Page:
If you've been wandering around health blogs or social media, the term Whole30 might be familiar to you. The first thing that pops up is the mind-boggling before and after photos. If you look at it that way, it almost seems like a no-brainer to try, right? It's not a diet – it's a way of life. Calories aren't counted, and you should only step on the scale before you begin the program and after you end it. What makes it different from other diets is that it teaches you how to live healthier. Habits gained from this diet will end up being the basis of your life for a long time. There are no strict timetables, macro counting or similar calculations. It's plain old changing your life from top to bottom.
Whole30 is not so different from other diets, but it requires planning way more seriously. While most diets only need you to buy new food and prepare them, Whole30 wants you to do more. Because of this, it's becoming harder and harder to call Whole30 a diet – it's more of a way of life. Cleaning your kitchen should be the first thing on the list. That cleanup must be thorough and detailed. Everything that's processed, sweet or alcoholic must go. We all have moments of weakness and temptation. By removing risky foods, you remove the risk of you breaking the diet.
Home cooking should be the future. If you've had a habit of eating out or on the go, it's time to end that chapter. Added sugar is a no-no in the Whole30 diet. The best thing you can do to avoid it is completely converted to home cooking and crafting your own meals.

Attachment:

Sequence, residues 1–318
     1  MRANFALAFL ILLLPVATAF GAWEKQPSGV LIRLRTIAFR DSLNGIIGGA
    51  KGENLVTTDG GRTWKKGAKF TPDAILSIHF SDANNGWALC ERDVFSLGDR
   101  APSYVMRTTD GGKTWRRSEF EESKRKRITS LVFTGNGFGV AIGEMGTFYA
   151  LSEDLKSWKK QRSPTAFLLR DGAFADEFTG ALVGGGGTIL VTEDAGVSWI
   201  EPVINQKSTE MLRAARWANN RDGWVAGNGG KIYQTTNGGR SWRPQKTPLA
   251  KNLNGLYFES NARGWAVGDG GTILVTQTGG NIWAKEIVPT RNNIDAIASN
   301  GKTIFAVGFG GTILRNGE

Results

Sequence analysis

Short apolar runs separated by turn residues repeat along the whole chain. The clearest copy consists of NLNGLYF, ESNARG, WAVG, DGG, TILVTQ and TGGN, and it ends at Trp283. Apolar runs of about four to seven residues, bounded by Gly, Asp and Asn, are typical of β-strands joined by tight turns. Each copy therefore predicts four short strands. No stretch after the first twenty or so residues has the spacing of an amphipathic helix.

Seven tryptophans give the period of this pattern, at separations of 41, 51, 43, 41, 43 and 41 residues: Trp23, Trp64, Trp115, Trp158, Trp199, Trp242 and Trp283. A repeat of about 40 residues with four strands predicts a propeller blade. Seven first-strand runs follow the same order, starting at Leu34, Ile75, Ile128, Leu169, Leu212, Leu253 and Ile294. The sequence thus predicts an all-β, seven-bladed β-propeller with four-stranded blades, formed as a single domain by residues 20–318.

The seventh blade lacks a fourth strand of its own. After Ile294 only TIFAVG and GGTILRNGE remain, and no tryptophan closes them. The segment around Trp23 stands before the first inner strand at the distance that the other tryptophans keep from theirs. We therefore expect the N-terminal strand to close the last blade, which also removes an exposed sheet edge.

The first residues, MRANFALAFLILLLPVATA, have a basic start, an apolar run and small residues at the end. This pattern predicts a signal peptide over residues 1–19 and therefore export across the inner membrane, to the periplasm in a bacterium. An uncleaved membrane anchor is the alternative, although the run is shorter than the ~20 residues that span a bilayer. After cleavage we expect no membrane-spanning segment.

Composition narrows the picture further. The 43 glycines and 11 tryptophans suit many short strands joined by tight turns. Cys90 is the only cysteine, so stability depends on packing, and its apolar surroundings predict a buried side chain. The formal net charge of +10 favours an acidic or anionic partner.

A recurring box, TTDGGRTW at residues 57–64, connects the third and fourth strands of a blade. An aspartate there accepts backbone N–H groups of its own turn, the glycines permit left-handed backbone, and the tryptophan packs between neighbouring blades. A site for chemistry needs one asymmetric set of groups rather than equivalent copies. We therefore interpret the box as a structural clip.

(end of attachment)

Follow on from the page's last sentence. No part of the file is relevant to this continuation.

Unlike most diets that only need a fraction of your time, the Whole30 diet needs your undivided attention. It requires you to change some deeply-rooted habits, and that takes effort. Don't worry; you can do it. The first step to changing for the better is developing a clear plan and shopping is the best way to start. All those midnights runs to the store when you crave sweets are long gone. Instead of that, plan out a list of needed groceries and do one visit to the supermarket per week. That way, you will save money by buying only the necessities and save valuable time.
The Whole30 diet teaches you to live a healthier and better life holistically. It also requires you to plan. Meal prep can be a lifesaver. Imagine going on a work trip with no prepared meals with you and no Whole30 approved foods around. To avoid such situations, invest time in preparation. Once or twice per week, take a whole afternoon to sort and plan meals. Slice veggies, make dressings, cook meat – everything! That way, you can take a ready meal with you and not have to worry about finding alternatives.
Snacking is one of the most common factors of diet breaking. While you may control yourself during meals, the cravings in-between can be an issue. Most diets miss this section and you are left at the mercy of your own appetite. That's why the Whole30 diet leaves nothing to chance and gives you a plethora of healthy snacks to choose from. Plantain chips, fruit, celery sticks are options for the occasional bite between meals. The first week of giving up sweets and other unhealthy snacks can be tough. So having healthy ones by your side can be a lifesaver.